Most decisions we have to make are judgment calls. A judgment call is made when we must make a decision when there is no “true” or “false” answers. When we make a judgment call our decision is bad, good, or better.

Many factors are involved: there are the available facts, assumptions, skills, knowledge, and especially personal experience and attitude. I think that the two most important elements in the mix are personal experience and attitude.

When we study math we learn how to use various algorithms to facilitate our skill in dealing with quantities. If we never studied math we could deal with quantity on a primary level but our quantifying ability would be minimal. Likewise with making judgments; if we study the art and science of good judgment we can make better decisions and if we never study the art and science of judgment our decision ability will remain minimal.

I am convinced that a fundamental problem we have in this country (USA) is that our citizens have never learned the art and science of good judgment. Before the recent introduction of CT into our schools and colleges our young people have been taught primarily what to think and not how to think. All of us graduated with insufficient comprehension of the knowledge, skills, and attitude necessary for the formulation of good judgment. The result of this inability to make good judgment is evident and is dangerous.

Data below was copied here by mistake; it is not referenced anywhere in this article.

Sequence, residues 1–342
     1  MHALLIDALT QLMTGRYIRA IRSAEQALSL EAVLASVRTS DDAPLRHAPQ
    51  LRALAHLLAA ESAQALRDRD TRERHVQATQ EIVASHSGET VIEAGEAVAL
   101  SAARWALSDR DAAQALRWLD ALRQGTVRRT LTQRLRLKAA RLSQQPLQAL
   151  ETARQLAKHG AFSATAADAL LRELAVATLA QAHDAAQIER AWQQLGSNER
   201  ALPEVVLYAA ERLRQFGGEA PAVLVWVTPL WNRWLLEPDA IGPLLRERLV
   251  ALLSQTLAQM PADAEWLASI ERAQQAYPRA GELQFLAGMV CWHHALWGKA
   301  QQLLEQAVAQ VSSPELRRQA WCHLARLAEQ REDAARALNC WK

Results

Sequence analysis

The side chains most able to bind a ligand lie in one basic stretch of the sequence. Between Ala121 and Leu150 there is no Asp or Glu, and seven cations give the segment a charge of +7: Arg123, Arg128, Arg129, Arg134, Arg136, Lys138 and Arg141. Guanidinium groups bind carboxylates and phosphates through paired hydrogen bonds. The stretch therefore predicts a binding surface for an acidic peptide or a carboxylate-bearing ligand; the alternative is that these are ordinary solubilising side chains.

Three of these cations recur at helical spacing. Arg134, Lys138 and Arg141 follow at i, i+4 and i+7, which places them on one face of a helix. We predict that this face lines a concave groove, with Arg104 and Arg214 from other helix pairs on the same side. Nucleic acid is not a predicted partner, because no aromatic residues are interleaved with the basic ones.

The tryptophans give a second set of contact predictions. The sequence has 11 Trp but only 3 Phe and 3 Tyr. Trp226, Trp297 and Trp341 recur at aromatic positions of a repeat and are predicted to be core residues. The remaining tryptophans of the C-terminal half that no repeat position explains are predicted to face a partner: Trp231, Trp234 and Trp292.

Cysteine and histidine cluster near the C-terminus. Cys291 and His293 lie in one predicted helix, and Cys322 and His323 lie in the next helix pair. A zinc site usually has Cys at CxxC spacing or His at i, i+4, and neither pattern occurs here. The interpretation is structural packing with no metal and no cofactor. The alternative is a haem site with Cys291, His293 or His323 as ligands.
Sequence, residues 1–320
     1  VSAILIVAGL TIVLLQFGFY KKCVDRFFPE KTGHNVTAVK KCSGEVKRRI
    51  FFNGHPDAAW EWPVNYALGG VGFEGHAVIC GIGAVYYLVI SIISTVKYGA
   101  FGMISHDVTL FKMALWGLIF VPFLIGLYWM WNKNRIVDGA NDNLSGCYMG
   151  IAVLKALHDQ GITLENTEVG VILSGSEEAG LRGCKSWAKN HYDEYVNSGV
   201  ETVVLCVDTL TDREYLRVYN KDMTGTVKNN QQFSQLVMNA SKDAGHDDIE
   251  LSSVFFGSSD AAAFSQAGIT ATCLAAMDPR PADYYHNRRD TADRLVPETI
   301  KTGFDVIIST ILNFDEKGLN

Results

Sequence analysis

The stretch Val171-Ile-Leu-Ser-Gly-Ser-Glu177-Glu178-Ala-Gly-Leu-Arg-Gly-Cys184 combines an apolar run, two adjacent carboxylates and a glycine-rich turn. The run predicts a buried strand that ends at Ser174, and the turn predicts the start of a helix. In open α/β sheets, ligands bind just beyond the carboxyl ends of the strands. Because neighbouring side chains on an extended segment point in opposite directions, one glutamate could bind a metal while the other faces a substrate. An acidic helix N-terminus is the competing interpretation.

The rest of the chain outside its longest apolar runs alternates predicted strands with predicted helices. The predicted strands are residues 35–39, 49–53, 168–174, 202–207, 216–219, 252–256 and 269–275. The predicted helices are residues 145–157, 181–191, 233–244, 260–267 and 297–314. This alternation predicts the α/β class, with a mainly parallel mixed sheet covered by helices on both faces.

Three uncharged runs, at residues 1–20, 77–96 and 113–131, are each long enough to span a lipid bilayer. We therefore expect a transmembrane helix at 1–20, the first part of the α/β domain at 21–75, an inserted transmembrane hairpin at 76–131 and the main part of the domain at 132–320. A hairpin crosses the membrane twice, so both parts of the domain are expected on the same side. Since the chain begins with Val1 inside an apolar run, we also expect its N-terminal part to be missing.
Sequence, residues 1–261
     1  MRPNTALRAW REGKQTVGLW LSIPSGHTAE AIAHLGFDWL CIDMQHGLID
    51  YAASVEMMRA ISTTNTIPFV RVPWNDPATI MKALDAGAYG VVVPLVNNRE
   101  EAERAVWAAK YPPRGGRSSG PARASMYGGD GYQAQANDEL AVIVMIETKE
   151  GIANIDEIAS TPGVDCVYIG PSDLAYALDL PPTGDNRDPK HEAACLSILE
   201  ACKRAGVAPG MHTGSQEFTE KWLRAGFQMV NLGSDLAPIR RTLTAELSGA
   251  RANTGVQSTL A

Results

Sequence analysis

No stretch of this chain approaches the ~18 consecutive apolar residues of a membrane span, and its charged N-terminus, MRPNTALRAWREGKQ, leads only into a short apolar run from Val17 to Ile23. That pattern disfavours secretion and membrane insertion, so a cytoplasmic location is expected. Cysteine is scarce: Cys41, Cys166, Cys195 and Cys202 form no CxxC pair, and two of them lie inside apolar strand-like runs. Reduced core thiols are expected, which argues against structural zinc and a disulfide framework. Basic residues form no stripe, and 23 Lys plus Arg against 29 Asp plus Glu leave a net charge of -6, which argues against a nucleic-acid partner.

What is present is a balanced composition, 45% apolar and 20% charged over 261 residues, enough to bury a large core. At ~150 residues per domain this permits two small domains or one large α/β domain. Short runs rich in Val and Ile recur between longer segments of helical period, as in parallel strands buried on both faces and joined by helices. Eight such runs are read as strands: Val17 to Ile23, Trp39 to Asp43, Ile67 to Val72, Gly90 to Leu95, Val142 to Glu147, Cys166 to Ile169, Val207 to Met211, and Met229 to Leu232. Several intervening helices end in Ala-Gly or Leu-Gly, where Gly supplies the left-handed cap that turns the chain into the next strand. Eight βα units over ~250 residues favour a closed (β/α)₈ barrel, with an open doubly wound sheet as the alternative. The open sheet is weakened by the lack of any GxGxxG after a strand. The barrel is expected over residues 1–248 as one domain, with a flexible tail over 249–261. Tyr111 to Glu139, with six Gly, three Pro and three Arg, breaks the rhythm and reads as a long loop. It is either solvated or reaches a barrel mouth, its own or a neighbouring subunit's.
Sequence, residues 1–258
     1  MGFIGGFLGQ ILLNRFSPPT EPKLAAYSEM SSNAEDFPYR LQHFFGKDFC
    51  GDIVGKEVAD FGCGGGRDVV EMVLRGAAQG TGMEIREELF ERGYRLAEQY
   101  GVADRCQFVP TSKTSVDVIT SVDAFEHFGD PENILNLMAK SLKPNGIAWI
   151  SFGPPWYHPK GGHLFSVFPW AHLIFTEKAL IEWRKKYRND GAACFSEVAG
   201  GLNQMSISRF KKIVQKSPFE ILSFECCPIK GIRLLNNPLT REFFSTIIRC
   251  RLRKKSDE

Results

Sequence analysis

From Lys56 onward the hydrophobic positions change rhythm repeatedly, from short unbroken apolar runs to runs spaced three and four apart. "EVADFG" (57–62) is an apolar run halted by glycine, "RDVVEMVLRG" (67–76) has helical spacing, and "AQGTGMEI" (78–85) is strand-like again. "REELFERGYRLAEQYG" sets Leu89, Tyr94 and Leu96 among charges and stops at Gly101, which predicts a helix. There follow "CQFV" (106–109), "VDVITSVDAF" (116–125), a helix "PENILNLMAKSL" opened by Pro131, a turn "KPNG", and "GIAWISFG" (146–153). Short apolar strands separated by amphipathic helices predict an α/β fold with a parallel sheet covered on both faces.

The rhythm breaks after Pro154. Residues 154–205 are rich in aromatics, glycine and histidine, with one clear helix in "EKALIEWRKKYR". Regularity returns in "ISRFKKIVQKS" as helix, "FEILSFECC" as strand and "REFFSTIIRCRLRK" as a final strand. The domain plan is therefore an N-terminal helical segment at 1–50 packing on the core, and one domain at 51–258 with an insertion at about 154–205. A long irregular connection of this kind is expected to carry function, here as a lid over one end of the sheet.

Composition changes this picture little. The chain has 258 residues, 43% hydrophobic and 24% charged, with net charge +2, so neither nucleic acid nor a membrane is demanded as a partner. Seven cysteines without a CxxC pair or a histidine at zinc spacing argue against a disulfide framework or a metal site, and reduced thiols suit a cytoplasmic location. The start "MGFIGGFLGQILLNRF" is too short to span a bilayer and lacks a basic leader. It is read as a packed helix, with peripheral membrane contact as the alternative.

I am primarily interested in the judgment that adults exercise in regard to public issues. Of course, any improvement in judgment generally will affect both personal and community matters.

To put the matter into a nut shell:
1. Normal men and women can significantly improve their ability to make judgments.
2. CT is the domain of knowledge that delineates the knowledge, skills, and intellectual character demanded for good judgment.
3. CT has been introduced into our schools and colleges slowly in the last two or three decades.
4. Few of today’s adults were ever taught CT.
5. I suspect that at least another two generations will pass before our society reaps significant rewards resulting from teaching CT to our children.
6. Can our democracy survive that long?
7. I think that every effort must be made to convince today’s adults that they need to study and learn CT on their own. I am not suggesting that adults find a teacher but I am suggesting that adults become self-actualizing learners.
8. I am convinced that learning the art and science of Critical Thinking is an important step toward becoming a better citizen in today’s democratic society.

Questions for discussion//

Have you ever had a course in Critical Thinking in any educational institution?

Have your children ever had a course in Critical Thinking in any educational institution?




Perhaps you are not familiar with CT. I first encountered the concept about five years ago. The following are a few Internet sites that will familiarize you with the matter.

http://www.freeinquiry.com/critical-notes.html

http://64.233.161.104/search?q=cache:mkodB...s&ct=clnk&cd=11

http://www.chss.montclair.edu/inquiry/fall95/weinste.html

http://www.criticalthinking.org/resources/.../glossary.shtml

http://www.doit.gmu.edu/inventio/past/disp...ng03&sID=eslava